Restoration of top carnivore populations, such as gray wolves, may have many cascading effects on the ecosystems they inhabit. In many areas of North America without wolves, coyotes become dominant predators and can suppress the abundance of smaller carnivores such as foxes. Ecological theory and studies would suggest that recovering wolf populations could benefit foxes by limiting the abundance of coyotes and thus releasing foxes from the suppressive effects of coyotes. Using long-term (38 year) monitoring data, we evaluated the effects of recovering wolf populations on the abundance of coyotes and foxes in two regions of Wisconsin (USA). Overall, we found no evidence to support the hypothesis that increasing wolf populations limited coyote abundance, and instead found limited evidence that intrinsic density-dependence was more important to structuring coyote population growth based on model selection results. However, we did find some evidence to suggest that coyote populations are limiting fox population growth in one of our study regions. That wolves do not appear to limit coyote populations in Wisconsin could be the result of changing prey abundance and landscape configuration that favor coyotes, or the comparatively low wolf densities in Wisconsin as compared to areas where wolf effects on coyotes have been documented. We suggest that future research directly address the interactions among canids in the Great Lakes region, as there is large potential for cascading ecological effects as abundance of these species changes over time and space.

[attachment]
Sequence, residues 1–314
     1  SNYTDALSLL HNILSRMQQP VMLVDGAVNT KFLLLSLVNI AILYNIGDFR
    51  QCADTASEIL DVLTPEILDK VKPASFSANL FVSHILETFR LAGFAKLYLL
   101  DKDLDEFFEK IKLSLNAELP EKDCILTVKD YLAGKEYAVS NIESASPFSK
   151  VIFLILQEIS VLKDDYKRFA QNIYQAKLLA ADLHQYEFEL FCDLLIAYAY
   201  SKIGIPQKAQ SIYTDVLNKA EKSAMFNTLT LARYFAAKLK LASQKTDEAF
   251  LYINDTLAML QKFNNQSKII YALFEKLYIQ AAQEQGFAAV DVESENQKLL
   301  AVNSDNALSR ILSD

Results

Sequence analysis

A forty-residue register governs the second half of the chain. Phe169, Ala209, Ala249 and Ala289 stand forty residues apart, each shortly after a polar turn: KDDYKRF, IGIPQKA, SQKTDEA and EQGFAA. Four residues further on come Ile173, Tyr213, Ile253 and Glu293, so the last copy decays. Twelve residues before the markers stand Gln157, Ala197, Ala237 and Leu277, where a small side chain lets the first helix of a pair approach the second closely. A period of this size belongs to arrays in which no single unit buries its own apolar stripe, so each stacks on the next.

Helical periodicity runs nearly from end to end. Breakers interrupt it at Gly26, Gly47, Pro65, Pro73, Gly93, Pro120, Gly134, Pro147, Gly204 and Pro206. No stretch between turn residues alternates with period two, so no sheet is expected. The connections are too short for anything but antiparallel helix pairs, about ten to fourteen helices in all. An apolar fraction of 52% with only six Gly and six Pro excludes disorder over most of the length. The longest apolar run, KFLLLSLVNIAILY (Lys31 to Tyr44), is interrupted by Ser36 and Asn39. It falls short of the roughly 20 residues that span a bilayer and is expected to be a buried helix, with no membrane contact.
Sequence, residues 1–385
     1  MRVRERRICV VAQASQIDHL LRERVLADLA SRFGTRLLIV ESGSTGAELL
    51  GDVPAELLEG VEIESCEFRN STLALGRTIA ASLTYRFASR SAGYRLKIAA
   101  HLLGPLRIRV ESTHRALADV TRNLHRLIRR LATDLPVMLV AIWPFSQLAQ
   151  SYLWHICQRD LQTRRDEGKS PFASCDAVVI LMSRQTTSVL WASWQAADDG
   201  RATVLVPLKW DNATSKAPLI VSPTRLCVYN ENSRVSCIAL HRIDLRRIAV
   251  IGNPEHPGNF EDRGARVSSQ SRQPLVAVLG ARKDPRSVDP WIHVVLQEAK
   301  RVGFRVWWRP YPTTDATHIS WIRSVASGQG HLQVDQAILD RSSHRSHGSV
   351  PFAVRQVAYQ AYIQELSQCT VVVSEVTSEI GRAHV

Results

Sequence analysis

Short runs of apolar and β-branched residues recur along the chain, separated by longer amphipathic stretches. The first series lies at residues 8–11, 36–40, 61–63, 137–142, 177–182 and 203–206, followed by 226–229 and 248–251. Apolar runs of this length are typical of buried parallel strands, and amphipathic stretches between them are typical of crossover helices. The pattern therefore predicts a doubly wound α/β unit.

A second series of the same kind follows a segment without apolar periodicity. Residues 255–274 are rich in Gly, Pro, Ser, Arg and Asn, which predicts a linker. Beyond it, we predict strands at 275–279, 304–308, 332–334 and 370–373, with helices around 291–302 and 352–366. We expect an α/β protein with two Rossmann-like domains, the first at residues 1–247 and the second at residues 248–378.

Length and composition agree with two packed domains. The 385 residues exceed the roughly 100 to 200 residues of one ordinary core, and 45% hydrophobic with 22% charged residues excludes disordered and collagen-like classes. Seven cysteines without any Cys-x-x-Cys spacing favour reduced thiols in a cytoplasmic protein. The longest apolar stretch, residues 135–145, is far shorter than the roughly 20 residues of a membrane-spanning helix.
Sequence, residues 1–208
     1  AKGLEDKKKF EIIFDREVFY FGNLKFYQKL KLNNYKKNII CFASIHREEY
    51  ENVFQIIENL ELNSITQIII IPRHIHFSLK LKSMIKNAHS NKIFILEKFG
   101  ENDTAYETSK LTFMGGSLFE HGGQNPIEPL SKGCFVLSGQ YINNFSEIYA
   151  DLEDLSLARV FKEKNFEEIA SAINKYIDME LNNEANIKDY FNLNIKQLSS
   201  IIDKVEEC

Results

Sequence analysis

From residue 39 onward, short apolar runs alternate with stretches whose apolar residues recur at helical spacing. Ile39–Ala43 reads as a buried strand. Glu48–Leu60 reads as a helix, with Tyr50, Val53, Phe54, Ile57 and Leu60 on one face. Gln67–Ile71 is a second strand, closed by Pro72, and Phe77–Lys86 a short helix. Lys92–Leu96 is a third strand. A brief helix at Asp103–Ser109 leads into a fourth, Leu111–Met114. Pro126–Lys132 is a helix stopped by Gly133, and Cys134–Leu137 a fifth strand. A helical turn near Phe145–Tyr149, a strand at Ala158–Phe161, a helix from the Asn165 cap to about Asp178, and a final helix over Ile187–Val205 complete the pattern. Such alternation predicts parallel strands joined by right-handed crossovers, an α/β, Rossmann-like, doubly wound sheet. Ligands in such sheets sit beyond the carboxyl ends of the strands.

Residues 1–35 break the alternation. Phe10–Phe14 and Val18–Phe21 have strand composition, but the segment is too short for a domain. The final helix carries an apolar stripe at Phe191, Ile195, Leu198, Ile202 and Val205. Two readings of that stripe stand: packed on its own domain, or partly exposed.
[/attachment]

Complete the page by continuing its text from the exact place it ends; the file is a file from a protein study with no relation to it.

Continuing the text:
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Vol. 2019 • No. 1